Three major glaciers in Alaska and Washington state have thinned and shrunk dramatically, clear signs of a warming climate, according to a study released Thursday by the U.S. Geological Survey.
The three glaciers — Gulkana and Wolverine in Alaska and South Cascade in Washington — are considered benchmarks for those in alpine and maritime climates because they closely parallel other glaciers in their regions. They have also been the subject of close scientific scrutiny since 1957.
“These are the three glaciers in North America that have the longest record of mass change,” said Shad O’Neel, a United States Geological Survey glaciologist in Anchorage who was one of the study authors.
“All three of them have a different climate from the other two, yet all three are showing a similar pattern of behavior, and that behavior is mass loss.”
Scientists are keeping a close watch on melting glaciers, as a rise in sea-levels would threaten coastal and low-lying areas around the world.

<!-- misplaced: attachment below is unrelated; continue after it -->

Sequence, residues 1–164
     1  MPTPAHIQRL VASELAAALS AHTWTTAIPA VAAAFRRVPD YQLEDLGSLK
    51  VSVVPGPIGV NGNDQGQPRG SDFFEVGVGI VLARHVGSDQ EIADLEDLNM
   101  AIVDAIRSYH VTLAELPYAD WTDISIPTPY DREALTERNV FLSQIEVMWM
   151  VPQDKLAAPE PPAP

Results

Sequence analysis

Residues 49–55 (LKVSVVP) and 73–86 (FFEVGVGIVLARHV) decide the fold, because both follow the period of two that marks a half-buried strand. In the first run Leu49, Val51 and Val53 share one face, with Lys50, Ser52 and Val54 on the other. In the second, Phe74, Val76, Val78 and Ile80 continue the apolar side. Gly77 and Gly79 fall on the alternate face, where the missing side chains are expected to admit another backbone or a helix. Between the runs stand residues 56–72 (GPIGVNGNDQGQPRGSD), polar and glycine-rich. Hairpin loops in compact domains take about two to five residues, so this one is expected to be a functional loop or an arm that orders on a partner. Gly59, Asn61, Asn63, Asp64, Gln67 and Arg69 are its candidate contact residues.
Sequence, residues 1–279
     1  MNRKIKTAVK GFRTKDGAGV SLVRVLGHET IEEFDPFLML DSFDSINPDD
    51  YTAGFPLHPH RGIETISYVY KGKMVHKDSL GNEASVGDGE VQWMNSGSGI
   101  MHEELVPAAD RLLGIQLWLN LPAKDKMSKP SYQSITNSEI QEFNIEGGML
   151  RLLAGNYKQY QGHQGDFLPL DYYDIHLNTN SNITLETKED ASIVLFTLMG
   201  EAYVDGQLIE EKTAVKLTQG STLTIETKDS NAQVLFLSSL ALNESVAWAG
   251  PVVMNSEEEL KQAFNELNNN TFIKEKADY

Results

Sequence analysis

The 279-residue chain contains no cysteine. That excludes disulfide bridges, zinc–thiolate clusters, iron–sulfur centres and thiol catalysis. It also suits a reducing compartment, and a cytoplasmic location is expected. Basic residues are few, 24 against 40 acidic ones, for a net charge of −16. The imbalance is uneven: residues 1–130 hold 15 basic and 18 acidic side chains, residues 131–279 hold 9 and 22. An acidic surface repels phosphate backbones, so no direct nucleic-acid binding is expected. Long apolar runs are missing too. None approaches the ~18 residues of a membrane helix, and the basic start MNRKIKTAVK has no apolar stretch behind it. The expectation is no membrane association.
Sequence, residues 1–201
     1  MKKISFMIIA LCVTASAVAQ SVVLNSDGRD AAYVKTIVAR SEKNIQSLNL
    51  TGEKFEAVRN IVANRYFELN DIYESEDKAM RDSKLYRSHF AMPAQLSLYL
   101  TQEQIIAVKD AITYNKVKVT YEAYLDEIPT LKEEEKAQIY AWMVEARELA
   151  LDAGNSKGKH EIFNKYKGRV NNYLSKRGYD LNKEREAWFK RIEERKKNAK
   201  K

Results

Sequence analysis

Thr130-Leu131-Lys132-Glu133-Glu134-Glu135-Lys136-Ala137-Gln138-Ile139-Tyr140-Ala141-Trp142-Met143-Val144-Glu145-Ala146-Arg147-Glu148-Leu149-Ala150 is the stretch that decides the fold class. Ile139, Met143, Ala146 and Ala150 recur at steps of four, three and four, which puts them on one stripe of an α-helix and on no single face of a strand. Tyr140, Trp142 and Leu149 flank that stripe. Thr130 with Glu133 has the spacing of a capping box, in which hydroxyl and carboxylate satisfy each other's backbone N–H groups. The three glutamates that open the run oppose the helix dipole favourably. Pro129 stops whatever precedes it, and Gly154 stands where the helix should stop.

The latest study compares records of snow and ice thickness and densities over the years, the factors used to calculate mass. The glaciers have lost mass as melting outpaced new snow and ice accumulation, and for all three, the losses were especially dramatic over the past 15 years, according to the USGS study.
By themselves, the glaciers and their changes are not proof of global warming, he said. But their behavior fits with a pattern of warmer weather or drier weather or both.
“It certainly says that the place where these glaciers are, the climate is not supportive of healthy glaciers anymore,” he said.
Ed Josberger, the Tacoma, Washington-based USGS hydrologist who coordinated the study, said the results from the Gulkana, Wolverine and South Cascade glaciers mirror worldwide trends.
“There is no doubt that most mountain glaciers are shrinking worldwide in response to a warming climate,” Josberger said in a statement released by the Department of Interior.